Sunday, January 16, 2011

GreenStitch Episode 21 - Channeling our inner Ma Ingalls

Haven't yet listened to this episode? Here's the link.

I'll start with the braided coasters, since the scrap-recycling nature of the project is very true to Ma Ingalls and the Little House on the Prairie family.

First, here's the link to Carolyn's blog post. Bookmark her blog and go back - she always has terrific ideas!

Here are my coasters. I'll make different colors next time, but these are the T-shirts I had handy - and I must say, the coasters have been put to great use already.

Here's the little pouch made out of the skirt lining. You can also see above the little paper template I drew to make it. Nothing fancy, that's for sure.

The shopping bag is small, but a useful size to keep handy for little purchases.

And because of the thin, slick fabric, look how easy it is to stuff that shopping bag into the tiny pouch.
Clipping the pouch just inside my purse means I won't have to dig for the shopping bag -- and will help avoid using a little plastic.

As for the quick-as-a-wink quilt block, above is step one -- seam two 3-by-5 1/2-inch rectangles together, the long way.
Attach two more rectangles, top and bottom.

Finish it off with two more rectangles that you've joined on the short ends. A great 10 1/2-inch block - and when they're all sewn together, they have a great vitality. Super stash busting! I still have visions of making a quilt like this entirely out of plaids from old shirt. Someday...

Oh, and if you're the Facebook sort, will you head over here and give GreenStitch a "like"? Thanks so much!


  1. Thanks for the shout-out - the snow is halfway melted from our front yard! And we didn't even have to break into the grain stores from inside our walls! (random Little House reference there).

    And speaking of Little House on the Prairie - did you know there are now prequels? There are a couple stories for each of Laura's progenitors (her mom, grandmother, etc., on back to her great-great grandmother in Scotland). Sort of American-girl-ish, but I love the connection to Laura Ingalls-Wilder.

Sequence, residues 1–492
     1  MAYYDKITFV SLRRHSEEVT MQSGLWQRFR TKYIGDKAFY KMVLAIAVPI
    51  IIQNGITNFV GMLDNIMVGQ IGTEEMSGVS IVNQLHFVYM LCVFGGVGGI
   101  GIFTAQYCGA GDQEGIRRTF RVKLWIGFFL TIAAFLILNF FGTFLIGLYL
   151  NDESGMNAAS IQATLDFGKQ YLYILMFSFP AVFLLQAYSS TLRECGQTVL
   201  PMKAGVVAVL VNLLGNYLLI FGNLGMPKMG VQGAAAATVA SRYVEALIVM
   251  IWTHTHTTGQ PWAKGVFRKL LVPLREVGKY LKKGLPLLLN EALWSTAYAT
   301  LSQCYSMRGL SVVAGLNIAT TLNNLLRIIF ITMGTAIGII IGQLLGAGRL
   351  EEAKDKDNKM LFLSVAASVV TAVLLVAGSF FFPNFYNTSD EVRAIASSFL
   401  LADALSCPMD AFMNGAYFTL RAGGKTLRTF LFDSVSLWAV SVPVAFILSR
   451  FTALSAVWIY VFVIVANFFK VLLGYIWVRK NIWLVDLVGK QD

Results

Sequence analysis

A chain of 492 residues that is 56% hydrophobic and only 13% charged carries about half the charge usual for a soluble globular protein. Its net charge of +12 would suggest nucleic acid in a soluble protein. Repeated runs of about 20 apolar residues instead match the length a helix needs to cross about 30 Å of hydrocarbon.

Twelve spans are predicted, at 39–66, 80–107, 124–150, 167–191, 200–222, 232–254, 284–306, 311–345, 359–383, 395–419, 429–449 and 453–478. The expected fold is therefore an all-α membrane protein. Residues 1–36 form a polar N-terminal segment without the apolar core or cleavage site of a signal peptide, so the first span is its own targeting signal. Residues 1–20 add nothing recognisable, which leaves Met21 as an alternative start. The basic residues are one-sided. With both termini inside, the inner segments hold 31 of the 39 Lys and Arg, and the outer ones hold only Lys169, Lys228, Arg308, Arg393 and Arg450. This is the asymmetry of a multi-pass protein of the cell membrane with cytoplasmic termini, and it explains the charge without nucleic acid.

Also, regarding braided things as rugs... I have a book that gives instructions on slicing up plastic grocery bags to get those big loops (similar to the t-shirt "tubes" Carolyn described in the coaster post), and crocheting them into rugs. I think cutting them into a inch wide is about right to make the "yarn".

  2. Great ideia about the braided rugs. Thanks

  3. These are great ideas - thank you. I just found your blog & 'cast, too.

  4. This 'cast made me think about the fabric I recently peeled off an umbrella I bought to ward off the heat while waiting in line to see the Vatican Museum. It yellow with cherubs on the edge and it had broken in too many places to stitch back. It's a lovely pictorial nylon and has been sitting on the sewing machine waiting to be transformed. I'm thinking after this 'cast of creating a simple shopping bag that rolls small for those didn't-mean-to-shop times.

    @Pam I'm partial to the book about Laura's daughter Rose being a telegraph operator. I come from a line of telegraph operators. The family morphed into programmers, so information technology is as American as pickin' Plums on the Banks of Plum Creek!